The premiere performance took place as part of the activity of the Opera Institute attached to the National Academy of Dramatic Art, which is headed by Ryszard Peryt, an accomplished lecturer at the academy (and an author of the very interesting book entitled Opera uboga [Indigent Opera], Cracow: Homo Dei, 2014). According to its key objective, all three artistic institutions of higher education from Warsaw, i.e., Academy of Fine Arts (scenography – Katarzyna Wesołowska), Fryderyk Chopin University of Music (singers/actors) and National Academy of Dramatic Art (place of performance and directing), have collaborated as part of it, plus, this time they also featured the Haute Ècole de Musique in Geneva mentioned earlier (orchestra). In the same way (since 2009), the Opera Institute has produced performances by Purcell, Monteverdi, Hasse, Händel (which means – all early or mature Baroque) – not only following the preferences of just Ryszard Peryt, but also the capacities of the Collegium Nobilium: a small stage with no orchestra pit (this time some circle in front of proscenium was organised) but with a backstage, a network of floodlights, a balcony, mixing console for text screening and display of virtual decoration, plus a ticket office and cloak room with kind personnel, which is everything a professional modern theatre might need. The mentioned productions of the Institute were at the same time diploma performances of students of the Directing Department of the National Academy of Dramatic Art (the one of Natalia Kozłowska with Purcell’s Dido and Aeneas in 2010 was magnificent).
The preparation of Jason required enormous music-related work. Nothing by Cavalli had been staged in Poland until that time (unlike in Switzerland), so it was the first such performance in history. The extensive score needed to be shortened so it would make sense in terms of drama, music and text as its Polish translation was displayed on the screen (a good modern version – no name of translator given). The whole project was coordinated and supervised (artistically and musically) by dr Artur Stefanowicz, an outstanding countertenor and lecturer at the FCUM. He was the one to work with sixteen students from classes of eight singing professors and he made them all reach a uniform aesthetic result, so their singing became an element of their roles, which is quite rare even at professional theatres. They did not lose their stage ease or distance and they seemed to enjoy the atmosphere of this hipster fun. Stefanowicz can be frequently seen performing with Dorota Cybulska and their mutual understanding might have been the secret of their success.
Based on the information available online and some private studies, the profile of the diploma candidate, director Michał Zdunik, looks interesting: he is a Polish philologist, researcher of post-sacred theatre, author of radio dramas and staged plays (not only in Poland), as well as essays on key phenomena of the 20th century published in “Ruch Muzyczny”. All that is very far from the comedic Baroque of Jason. Zdunik assumed that his “story from Plac Zbawiciela from 350 years ago” will be a tale of “people who constantly pretend, fail to leave their roles, are lost in a very strange game. It seems joyful and fun but these are just appearances covering the terrifying loneliness and sadness”. The idea of moving the whole thing from Venice to Plac Zbawiciela turned out successful. Nevertheless, Michał Zdunik might have forgotten that opera as such means pretending and being artificial, and an opera actor never leaves his role because it includes a lot of often difficult notes to be sung. This great performance is a model example of excess of a director’s intentions as compared to the theatrical result. Nobody was overcome by the “terrifying loneliness and sadness” on stage. No-one among these young people even tried to feel it. They were filled with joy that they managed to master the difficult Baroque sound. And they had fun. Even though the premiere performance took place during Lent, they had their Carnival in it.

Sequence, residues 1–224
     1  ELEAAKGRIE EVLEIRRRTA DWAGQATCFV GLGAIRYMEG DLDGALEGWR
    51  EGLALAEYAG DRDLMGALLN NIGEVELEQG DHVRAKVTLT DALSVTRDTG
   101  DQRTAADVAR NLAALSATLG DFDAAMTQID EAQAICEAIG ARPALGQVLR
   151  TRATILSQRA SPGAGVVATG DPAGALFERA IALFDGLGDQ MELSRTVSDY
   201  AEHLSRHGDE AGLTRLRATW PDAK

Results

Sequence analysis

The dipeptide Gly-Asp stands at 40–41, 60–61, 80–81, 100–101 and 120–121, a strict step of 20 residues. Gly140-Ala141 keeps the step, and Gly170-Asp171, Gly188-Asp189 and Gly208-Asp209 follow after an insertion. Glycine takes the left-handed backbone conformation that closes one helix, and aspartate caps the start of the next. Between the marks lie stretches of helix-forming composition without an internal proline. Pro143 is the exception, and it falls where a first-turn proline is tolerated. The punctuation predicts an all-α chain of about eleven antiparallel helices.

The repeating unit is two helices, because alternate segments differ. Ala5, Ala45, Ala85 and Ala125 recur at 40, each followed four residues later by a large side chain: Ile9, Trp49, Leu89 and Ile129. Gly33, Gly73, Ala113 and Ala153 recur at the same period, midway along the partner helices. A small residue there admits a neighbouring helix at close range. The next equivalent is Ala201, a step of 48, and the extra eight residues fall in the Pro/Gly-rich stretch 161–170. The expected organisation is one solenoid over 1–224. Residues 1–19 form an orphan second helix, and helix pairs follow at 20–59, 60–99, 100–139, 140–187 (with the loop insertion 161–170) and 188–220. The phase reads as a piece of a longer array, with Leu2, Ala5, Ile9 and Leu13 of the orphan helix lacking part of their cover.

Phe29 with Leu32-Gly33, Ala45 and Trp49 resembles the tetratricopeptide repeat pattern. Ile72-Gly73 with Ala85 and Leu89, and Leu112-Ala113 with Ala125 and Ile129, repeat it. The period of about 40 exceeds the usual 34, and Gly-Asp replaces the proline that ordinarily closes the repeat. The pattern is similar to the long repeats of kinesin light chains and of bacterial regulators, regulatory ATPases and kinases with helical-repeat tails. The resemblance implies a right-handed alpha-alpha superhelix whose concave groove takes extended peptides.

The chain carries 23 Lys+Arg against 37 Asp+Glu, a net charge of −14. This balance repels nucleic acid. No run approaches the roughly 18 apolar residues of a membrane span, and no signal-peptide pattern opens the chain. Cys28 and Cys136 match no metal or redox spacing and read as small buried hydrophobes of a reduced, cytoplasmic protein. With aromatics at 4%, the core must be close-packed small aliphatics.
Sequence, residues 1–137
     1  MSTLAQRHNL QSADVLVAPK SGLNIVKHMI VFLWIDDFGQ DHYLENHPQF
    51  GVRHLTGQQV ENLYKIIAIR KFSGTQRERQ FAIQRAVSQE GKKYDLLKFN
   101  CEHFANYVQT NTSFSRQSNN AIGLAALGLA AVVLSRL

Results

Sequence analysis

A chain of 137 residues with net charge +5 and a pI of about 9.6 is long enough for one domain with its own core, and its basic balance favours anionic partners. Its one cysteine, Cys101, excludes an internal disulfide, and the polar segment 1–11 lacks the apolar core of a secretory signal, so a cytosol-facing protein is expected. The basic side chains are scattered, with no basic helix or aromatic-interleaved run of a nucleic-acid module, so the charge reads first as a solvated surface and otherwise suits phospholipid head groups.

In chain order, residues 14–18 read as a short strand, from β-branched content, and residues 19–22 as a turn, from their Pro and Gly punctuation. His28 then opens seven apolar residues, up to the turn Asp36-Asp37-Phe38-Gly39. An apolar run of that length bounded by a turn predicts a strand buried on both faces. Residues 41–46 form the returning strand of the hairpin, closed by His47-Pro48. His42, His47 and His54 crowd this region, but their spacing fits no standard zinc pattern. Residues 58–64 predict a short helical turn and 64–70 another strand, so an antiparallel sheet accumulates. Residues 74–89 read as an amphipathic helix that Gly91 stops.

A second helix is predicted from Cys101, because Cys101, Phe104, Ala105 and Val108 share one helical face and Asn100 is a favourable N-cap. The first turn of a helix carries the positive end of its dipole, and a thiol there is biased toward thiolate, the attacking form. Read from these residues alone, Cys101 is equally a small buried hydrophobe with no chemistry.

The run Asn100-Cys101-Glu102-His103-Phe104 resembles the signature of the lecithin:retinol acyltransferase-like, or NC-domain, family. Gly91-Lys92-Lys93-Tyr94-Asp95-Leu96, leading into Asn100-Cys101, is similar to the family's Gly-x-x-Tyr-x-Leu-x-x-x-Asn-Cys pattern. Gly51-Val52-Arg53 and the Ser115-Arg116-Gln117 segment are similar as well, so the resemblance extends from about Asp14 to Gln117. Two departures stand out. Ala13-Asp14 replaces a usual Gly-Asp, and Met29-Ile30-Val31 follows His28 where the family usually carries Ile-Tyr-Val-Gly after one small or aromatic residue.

A musician and a Polish philologist, an actress at the Theatre on Tarczyńska Street and Poetry Theatre at the University of Warsaw (in the 1950s), a long-term music teacher at Primary School no. 15 in Warsaw, a professor at the Fryderyk Chopin University of Music and a publicist of “Ruch Muzyczny”. She holds a post-doctoral degree in humanities and is an author of books on music theatre and Polish artists. She has also published articles in the magazines entitled “Teatr”, “Dialog”, New York’s “The Polish Review”, and “Pamiętnik Teatralny”. She collaborates with the Institute of Art of the Polish Academy of Sciences and the Grand Theatre – National Opera.